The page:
First, without your help and support we would not have been able to send the 20 women who have been victims of violence to Outward Bound Canada’s Women of Courage program. Thank you for making it happen. Thank you for your generosity and phenomenal support!
I’ve been back in Toronto for a little while now…and the first week felt like a haze. The reality is now slowly sinking in. This journey is finished. People are already asking “what is next?” And, I am very far from being able to answer this question. Not yet. Let me bask in the echo of the Himalayas for a little while longer. But, as quickly as I’ve forgotten the pain of climbing Mt. Kilimanjaro, as quickly I will succumb to a new adventure, I think. I am a bit of an adrenaline junkie, and pushing my limits while contributing to a great cause is something that I have not left on Everest.
As I was walking, trying to enjoy breathtaking scenery and not stumble at the same time, I had time to think… a rare gift, as many of you know. And although there were many moments where my thoughts were limited to “where do I put my foot next?”, I do have a few insights I hope are worth sharing. These insights have, in my mind, clear parallels with the challenges and difficult situations we face in the corporate world. You tell me if I’ve got it right!
- This is not a trek. It is an ordeal that needs to be taken seriously. No, not a technical climb, but still a physical challenge. To meet the challenge I needed to overcome a bit of fear. The closer I came to the trek, the more real my insecurity was – “Will I be strong enough?”, “Will the Kili struggle be repeated?”, “Will the altitude win this time?” These are just some of the questions I needed to answer. My preparation was, therefore, not only physical, but also emotional and mental. And, I needed to draw into my personal power to stay true, confident, and succeed. I am convinced that my sober confrontation of this fear prior to the trek contributed to my truer commitment and ability to face the demands of each day.
- The second day of the trek we climbed close to 350 stories high, to a place called Namche Bazaar. The elevation and the degree of the slope were phenomenally difficult for me. There was a moment when my heart sank. Frustrated, I questioned my ability to continue at the very beginning of the trip. What helped me was a leader, who reminded me to stay positive and steady. Realistic as to the pace that worked for me (whilst many others carried on), and authentically supportive in expressing his belief that I could do it. His encouragement and pragmatic attitude helped me normalize my mini-crisis and pull myself together. The doubt never returned afterwards. The days that followed were easier because I only had to deal with the physical strains.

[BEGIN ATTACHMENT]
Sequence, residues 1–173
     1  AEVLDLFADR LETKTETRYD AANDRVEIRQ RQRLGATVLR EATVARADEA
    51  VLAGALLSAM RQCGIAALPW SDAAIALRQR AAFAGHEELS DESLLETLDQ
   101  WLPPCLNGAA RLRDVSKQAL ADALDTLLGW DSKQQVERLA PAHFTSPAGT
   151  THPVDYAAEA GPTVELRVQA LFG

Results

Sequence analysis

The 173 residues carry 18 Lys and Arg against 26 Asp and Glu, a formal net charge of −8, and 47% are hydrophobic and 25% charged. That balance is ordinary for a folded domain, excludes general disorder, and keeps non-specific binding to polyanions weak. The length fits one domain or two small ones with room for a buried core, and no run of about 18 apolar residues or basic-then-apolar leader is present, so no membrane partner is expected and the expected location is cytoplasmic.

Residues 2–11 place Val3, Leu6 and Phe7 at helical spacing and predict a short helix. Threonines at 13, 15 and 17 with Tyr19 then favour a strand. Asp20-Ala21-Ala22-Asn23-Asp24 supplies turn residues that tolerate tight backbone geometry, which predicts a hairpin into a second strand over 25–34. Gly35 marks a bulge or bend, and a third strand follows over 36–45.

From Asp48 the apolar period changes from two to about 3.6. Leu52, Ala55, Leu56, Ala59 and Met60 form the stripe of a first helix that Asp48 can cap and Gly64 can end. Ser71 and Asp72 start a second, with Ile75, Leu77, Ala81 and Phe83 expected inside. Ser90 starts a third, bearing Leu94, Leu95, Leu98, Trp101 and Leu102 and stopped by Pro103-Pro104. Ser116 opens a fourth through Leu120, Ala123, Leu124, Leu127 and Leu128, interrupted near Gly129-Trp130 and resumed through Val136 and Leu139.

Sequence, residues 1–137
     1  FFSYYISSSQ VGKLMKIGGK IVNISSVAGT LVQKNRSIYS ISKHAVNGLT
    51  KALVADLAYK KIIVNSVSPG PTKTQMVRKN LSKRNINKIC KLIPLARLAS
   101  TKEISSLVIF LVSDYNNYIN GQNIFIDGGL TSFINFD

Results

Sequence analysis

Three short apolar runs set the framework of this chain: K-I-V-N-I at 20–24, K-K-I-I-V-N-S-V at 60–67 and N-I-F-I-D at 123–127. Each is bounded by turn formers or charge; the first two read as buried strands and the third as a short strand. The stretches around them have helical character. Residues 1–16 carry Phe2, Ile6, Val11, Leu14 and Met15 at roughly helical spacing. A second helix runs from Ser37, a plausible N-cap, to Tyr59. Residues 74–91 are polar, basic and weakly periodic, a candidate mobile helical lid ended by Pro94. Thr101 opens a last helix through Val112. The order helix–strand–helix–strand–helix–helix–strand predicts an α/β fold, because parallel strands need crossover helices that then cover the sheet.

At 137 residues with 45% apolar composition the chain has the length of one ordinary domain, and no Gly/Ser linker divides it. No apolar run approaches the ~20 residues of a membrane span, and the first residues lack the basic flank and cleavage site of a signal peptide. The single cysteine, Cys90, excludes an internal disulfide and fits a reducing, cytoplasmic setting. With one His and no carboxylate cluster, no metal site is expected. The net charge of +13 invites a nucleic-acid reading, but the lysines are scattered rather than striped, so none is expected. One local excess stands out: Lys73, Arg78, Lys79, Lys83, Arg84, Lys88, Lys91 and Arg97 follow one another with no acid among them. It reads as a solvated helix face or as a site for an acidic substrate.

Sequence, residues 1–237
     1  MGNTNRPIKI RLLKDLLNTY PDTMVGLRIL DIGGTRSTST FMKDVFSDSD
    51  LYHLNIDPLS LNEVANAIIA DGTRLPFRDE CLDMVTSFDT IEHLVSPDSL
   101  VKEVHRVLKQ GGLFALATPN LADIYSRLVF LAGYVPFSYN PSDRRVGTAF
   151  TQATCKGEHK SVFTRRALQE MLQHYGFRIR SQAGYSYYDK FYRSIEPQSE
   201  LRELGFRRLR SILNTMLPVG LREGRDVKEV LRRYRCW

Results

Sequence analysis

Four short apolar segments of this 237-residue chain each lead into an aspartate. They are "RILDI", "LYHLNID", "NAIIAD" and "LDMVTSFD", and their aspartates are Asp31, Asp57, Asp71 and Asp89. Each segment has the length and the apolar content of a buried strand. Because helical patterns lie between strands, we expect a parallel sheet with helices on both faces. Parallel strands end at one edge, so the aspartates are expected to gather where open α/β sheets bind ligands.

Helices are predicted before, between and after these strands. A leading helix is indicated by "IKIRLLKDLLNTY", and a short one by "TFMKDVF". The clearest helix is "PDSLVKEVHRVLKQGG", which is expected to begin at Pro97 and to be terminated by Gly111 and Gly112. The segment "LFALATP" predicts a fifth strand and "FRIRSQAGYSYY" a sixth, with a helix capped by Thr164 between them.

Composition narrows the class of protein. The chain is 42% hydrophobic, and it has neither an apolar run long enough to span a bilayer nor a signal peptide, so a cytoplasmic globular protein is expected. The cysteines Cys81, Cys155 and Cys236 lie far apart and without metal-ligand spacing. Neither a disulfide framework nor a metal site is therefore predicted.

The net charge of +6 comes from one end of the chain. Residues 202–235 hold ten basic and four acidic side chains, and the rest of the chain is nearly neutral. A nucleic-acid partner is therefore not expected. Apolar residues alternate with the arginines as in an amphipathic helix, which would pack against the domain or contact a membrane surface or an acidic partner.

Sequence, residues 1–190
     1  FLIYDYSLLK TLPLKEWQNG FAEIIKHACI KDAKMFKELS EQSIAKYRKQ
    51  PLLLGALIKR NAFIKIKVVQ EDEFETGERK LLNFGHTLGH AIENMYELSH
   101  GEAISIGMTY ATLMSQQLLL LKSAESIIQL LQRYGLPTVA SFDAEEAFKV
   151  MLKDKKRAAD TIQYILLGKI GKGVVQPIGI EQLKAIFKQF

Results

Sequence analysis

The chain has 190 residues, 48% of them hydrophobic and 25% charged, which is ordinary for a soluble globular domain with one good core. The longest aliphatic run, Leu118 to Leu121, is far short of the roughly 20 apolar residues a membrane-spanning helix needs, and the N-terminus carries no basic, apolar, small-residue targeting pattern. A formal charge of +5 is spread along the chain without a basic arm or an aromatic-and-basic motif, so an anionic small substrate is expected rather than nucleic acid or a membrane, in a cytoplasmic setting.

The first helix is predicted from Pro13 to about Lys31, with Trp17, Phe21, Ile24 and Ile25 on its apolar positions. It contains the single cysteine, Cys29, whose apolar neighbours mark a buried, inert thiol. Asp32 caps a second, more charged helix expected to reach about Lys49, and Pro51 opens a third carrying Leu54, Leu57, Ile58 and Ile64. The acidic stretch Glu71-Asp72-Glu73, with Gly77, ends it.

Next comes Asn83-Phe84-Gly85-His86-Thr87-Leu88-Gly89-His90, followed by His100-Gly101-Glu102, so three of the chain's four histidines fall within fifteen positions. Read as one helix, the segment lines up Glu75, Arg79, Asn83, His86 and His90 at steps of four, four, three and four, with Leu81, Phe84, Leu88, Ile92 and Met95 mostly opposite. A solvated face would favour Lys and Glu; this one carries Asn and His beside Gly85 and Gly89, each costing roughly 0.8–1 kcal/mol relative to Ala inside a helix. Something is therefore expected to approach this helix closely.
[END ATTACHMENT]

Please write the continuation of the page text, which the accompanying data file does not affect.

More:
- Throughout the trek we saw many people struggling with their own issues. What helped was the intuitive approach to giving people enough individual space, and providing team support and climate. Empathy and respect helped tremendously to achieve success. This was evident with many small gestures, such as helping each other reach the bottle of water, and larger issues, such as cheering for a trekker who had to decline climbing the Island Peak because of acute altitude sickness. We were there for each other. Never explicitly stated. Always understood and unquestioned.
- The trust amongst the trekkers was essential and established very early on. Our idiosyncrasies, personality traits, and differences were difficult to hide. Under stress a “true you” generally comes out. Intentions were not doubted. Behaviours that contributed to tension were addressed quickly. Conflict and tension was dealt with thoughtfully, and often with disarming humor. At some points… we laughed a lot!
Simply put – successfully facing adversity or challenge demands the courage to be vulnerable, the humility to accept help, and the awareness of, and gratitude for, not doing it alone. Trust is the fundamental element that makes it all possible. If you haven’t yet, I urge you to try it. These few points really helped to deal with tough moments, and kept me going. I believe these kept the team going, to stay on course, persevere, and truly enjoy the entire experience no matter how rough it gets.